Average priced option: A risk manager’s guide based on a soybean oil volatility case study

Why Asian options are commonly used for commodity hedging

The commodity markets can be volatile and escalated historical and implied volatility comes at a price.

The historical volatility of the Fastmarkets RBD Soybean Oil price spiked higher in July 2022, hitting the highest level of the year and surpassing the levels seen at the Russian-Ukrainian war breakout.

Soybean oil, commonly used as a feedstock in the biofuel process, saw higher volatility as demand for protection from adverse market conditions accelerated. When volatility spikes, it creates uncertainty and makes hedging products like options more expensive.

What might mitigate the pain of higher volatility?

Financial engineering can help mitigate issues related to spikes in volatility like the one recently experienced for those involved in market risk commodity trading. Using average-priced options (aka Asian options), you can help reduce implied volatility levels, which mitigates the premium cost.

What is the timing of your physical commodity contracts?

Commercial players in the commodity space can benefit substantially from an average-priced option (APO) hedge. A goal might be to match your physical purchase and sales with a monthly APO strike price, which allows you to fix your costs against a monthly index (such as Fastmarkets RBD Soybean Oil benchmark).

What is implied volatility?

One of the critical drivers of the price of an option is the variable that controls the likelihood of an option contract settling in the money. The component that describes this possibility is called implied volatility. Implied volatility is a market input representing the market’s view of the future daily movements of an underlying asset.

What is an average priced option?

During the 1980s, two Bankers Trust employees introduced average-priced options (APO). They called these exotic options Asian option contracts since they developed the concept while in Tokyo.

An APO differs from a European-style option contract as the value is based on the predicted mean of the underlying commodity during the determination period.

The price of an asset during the determination period is used to calculate the floating price of the option. The floating price is then compared to the strike price to arrive at the payout of the options.

Call Value = Floating Price – Strike Price

What are the benefits of average priced options?

One benefit of an APO is it reduces the risk of market manipulation of the underlying asset as the option approaches maturity. Statistically, it is more likely that the price of an investment will spike on any particular day or week as opposed to the average price spiking for an entire month.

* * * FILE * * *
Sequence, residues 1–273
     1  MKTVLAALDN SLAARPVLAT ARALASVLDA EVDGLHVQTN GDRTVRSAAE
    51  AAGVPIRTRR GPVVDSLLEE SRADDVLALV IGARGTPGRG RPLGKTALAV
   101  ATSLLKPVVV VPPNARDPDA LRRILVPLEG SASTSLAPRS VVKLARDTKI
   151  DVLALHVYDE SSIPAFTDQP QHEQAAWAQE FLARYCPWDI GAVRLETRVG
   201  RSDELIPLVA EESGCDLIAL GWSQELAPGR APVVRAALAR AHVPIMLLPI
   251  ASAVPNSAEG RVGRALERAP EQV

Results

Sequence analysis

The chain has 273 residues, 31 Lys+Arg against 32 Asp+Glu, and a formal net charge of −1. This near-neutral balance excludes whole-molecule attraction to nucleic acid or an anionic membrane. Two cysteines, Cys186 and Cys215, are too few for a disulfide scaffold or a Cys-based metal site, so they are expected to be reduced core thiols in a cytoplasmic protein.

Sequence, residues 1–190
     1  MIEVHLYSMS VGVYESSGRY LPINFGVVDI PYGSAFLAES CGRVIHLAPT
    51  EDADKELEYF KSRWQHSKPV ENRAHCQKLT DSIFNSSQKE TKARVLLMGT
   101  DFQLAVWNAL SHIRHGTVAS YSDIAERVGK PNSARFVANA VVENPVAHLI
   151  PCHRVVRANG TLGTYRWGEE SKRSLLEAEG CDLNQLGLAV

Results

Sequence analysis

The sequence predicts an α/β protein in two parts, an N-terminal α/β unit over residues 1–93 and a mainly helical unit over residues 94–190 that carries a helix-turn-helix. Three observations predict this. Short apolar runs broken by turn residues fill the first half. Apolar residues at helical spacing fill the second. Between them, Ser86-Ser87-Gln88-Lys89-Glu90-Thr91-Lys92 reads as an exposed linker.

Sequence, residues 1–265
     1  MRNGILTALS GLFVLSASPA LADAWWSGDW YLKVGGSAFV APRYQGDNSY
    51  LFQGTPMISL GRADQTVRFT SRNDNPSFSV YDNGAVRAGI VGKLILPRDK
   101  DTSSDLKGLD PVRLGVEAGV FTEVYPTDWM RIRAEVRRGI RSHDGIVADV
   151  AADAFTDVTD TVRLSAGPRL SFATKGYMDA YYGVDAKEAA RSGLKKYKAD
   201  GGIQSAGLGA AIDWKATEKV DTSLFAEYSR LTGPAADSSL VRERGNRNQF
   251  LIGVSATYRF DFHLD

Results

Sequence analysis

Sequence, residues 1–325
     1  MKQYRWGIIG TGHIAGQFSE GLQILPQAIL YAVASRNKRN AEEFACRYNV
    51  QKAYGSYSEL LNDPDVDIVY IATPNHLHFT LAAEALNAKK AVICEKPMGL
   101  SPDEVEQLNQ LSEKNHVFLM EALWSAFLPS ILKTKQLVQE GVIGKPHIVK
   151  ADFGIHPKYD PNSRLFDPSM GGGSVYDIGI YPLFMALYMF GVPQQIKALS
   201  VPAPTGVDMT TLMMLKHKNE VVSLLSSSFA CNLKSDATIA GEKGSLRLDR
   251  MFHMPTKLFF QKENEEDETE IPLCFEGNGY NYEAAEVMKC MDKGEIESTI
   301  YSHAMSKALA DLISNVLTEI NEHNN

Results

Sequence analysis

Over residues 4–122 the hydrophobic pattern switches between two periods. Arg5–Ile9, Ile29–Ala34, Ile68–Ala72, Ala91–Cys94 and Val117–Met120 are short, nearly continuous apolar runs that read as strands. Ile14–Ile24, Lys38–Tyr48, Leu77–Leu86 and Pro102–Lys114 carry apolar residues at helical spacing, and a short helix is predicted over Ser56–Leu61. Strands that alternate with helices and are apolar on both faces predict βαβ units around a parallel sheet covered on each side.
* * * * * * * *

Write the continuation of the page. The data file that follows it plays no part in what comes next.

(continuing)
You can see the difference in the spikes and drops between the weekly RBD Soybean Oil prices and the monthly average of the RBD Soybean Oil prices.

Another advantage of APO contracts is their costs relative to European-style options. Since an APO’s payout is the average price of an asset over a certain period, the implied volatility used to price an APO has an averaging feature. Therefore, an APO mitigates an option’s volatility, making them less expensive than an option that settles on one day like a European-style option.

One of the difficulties in determining the premium of an APO is that it depends on the underlying path. Since the option’s premium needs to estimate the average, it needs to evaluate the direction the price will take to arrive at an estimated mean.

What is the payout of an average priced option?

The most common type of APO is a fixed strike option. The payout for a call option is the average price during the period minus the strike price.

For example, if the average soybean oil price during June is $0.9875 and the strike price is $0.85, the buyer would receive the difference of $0.1375 multiplied by the number of pounds the option represents.

The payout profile of the long-call APO is shaped like a classic hockey stick. The option buyer is underwater until the breakeven price. The breakeven price is calculated by adding the premium to the strike price.

What should you do when implied volatility is elevated?

An APO will help smooth implied volatility. If implied volatility is elevated, you can consider selling a call spread or put spread to reduce premium costs.

A Bull Call spread is a strategy to purchase a call option and sell a further out-of-the-money call spread. For example, if you buy a $0.85 RBD Soybean Oil call, you might also sell a $1.00 RBD Soybean Call to lower your net premium. In this situation, you would forego any gains in the price of RBD Soybean oil above $1.0.

The payout profile of RBD Soybean Oil shows the option payout underwater until the breakeven price and then capping out at the higher strike price (sold call option).

If you were to buy a bearish put spread, you would buy a put option and sell an out-of-the-money put to offset your premium cost.

The bottom line

The upshot is that APO is a financial tool that can help hedge against adverse price changes and mitigate volatility.

As mentioned, implied volatility is critical to determining an option’s premium. The mechanism used to price an APO smooths the volatility used to calculate the options contract value and, therefore, can reduce your premium. Remember, although there is a smoothing component, higher implied volatility for a European option generates higher volatility on an APO. You might consider purchasing a call spread or put spread option contract to reduce elevated levels of implied volatility.

If you’d like to know more about commodity risk management, contact our risk solutions team.

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